Yeah, so those kids who enjoyed Power Rangers in 1993? They have kids of their own now. It's diabolical. The toys are absolutely friggin' adorable, have the built-in brand recognition, and have some really cool features and favorite characters that aren't even Tommy-related. The audience may be skewed younger, but a lot of fans seem to agree that they're some of the most interesting Power Rangers toys in a VERY long time. 

Bandai America really dropped the ball there. It wasn't that long ago that I went to Bandai America's site out of curiosity to see what licenses they have these days. The site is a graveyard of years-old movies, Power Rangers, a PAC-MAN plug and play (Namco-Bandai, so duh) and Dragonball Super. I've actually been thinking a lot about Dragonball toys in light of the current Power Ranger toy situation. It sounds familiar...

The brief history of Dragonball toys in America goes something like this. Dragonball had a small line of toys in 1995 based on a Funimation/Ocean license and a brief thirteen-episode dub. In 1996 Funimation and Ocean entered a partnership with Saban and skipped ahead to Dragonball Z. Bandai America followed suit and copied the MMPR formula. Several toys from Japan and Asia were adapted for the US along with a set of new action figures. Bandai quickly and inexplicably dropped the line with Canada's Irwin Toy swooping in and seemlessly resuming the toyline through reissues of the previous Bandai America line as well as more imports from Bandai Asia and France's AB Toys.

Things kinda took on a life of their own once Irwin began producing toys in-house. While I'm not much of a fan of the Irwin developed DBZ toys, these continue to be fan favorites for the wide-range of characters (Leisure Suit Yamcha anyone?), decent quality and details, and low price point. Everything was going swimmingly until, well, Irwin shit the bed. Having the hottest anime intellectual property in North America somehow resulted in the company filing for bankruptcy in 2001. The license went to Jakks Pacific whose toys I have zero recollection of. The 2002 deal for the license was pretty short-lived and Bandai America ended up with Dragonball toys once again by 2007.

The most current Bandai America Dragonball toys aren't too dissimilar from the current Power Rangers toys with an extra layer of "Who the hell are these toys made for?". They're too cheap and kiddy for the fan who actually watches Dragonball Super. I mean...that's what we have Figuarts for, right? The series airs on Adult Swim for god's sake...


I guess the best way to end this post is to say this...

I wish Bandai America all the best. Jobs will be lost over this, but the reality is that years of poor decisions have brought us to where we are now. Hasbro is definitely a force to be reckoned with and while the degree of dignity in which they handle the franchise toys remains to be seen, it certainly isn't the worst thing possible. I say this as someone who only casually observes Power Rangers toys, though. Cautious optimism is probably the best approach.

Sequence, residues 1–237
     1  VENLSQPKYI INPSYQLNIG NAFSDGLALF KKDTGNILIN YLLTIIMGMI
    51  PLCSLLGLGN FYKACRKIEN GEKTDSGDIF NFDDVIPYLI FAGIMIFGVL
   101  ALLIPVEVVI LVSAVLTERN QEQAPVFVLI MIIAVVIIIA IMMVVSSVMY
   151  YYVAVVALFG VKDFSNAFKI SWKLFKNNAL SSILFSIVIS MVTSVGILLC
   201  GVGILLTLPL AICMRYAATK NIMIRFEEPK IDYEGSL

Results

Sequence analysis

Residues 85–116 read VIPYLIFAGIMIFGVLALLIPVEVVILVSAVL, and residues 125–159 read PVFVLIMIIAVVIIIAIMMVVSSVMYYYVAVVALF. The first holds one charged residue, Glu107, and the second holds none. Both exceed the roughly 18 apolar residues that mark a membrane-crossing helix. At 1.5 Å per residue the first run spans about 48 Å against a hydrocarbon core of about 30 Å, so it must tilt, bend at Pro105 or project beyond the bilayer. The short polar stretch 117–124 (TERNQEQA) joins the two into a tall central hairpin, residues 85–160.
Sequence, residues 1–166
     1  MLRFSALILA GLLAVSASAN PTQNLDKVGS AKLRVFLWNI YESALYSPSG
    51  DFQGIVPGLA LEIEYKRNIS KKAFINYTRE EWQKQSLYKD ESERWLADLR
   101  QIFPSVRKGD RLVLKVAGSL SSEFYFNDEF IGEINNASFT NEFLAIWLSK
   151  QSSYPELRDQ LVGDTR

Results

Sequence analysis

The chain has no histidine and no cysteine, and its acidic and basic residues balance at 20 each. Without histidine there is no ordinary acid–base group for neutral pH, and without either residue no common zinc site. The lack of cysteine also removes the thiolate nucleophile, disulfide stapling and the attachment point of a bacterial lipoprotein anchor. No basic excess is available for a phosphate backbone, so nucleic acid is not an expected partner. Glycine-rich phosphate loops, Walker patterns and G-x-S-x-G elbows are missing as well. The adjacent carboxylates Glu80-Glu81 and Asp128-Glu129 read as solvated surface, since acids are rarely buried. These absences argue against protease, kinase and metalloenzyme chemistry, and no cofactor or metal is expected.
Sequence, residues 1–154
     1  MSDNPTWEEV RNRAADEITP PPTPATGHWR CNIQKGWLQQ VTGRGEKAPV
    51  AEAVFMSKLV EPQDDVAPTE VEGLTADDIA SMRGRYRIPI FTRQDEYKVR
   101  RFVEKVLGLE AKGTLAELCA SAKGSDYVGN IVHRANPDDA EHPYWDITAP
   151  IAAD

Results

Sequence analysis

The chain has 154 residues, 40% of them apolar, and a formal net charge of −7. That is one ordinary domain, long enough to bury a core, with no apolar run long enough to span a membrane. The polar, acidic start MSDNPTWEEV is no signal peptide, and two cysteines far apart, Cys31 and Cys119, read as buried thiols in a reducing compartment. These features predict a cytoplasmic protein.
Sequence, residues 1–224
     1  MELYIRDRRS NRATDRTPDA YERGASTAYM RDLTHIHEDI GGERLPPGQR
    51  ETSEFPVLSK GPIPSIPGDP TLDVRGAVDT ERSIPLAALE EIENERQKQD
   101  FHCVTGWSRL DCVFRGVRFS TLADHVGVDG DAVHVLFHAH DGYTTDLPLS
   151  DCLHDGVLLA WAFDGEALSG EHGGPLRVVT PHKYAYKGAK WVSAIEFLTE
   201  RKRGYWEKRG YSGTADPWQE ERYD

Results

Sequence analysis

Go-Busters being adapted next on the other hand...wasn't Kyuranger developed with input from America? I think Toei may have finally been out-trolled after all these years...


P.S. I highly recommend visiting grnrngr.com for incredible database on not only Power Rangers and other Saban-related Bandai toys, but several guides based on the series itself. My personal favorites are the Zyu1.5 and Zyu2 guides as well the episode guide, which lists goofs and the Sentai episodes used for every episode.

UPDATE: Ehhh whoops. I erroneously stated that the US release of Jiraiya toys were released by Mattel for some bizarre reason. Nope. Bandai America in 1990. A trial-run perhaps? Get this...Jiraiya was actually a bad guy called "Fringe" according to the story and bios on the card. Not only a bad guy...but a sidekick who is also a parking lot enthusiast. O...K...?


  1. Kyuranger has 7 less rangers and no gimmick to sell they can go back in time and make a morpher that comes out with it's full potential from the package

  2. I don't know if you're into Transformers, but what do you think of those toys compared to Bandai's Sentai robots?

    1. Huh? Why in the world was this in the spam folder??

      I've only ever owned three Transformers...and two of those were variants of the same thing. Hmmm...I don't really have much of an opinion.

  3. Yeah, I suspect the drop in quality around Overdrive was because of Disney cutting the budget for the show, so presumably that influenced Bandai America into making cheap American copies of the mecha instead of just importing and/or modifying them. That thinking promptly spread to the rest of the line by RPM, which-- of course-- continued to use the Japanese toys as props, thus making the American toys VERY inaccurate. I could easily see some savvy kids thinking "Man, this toy sucks compared to the one in the show."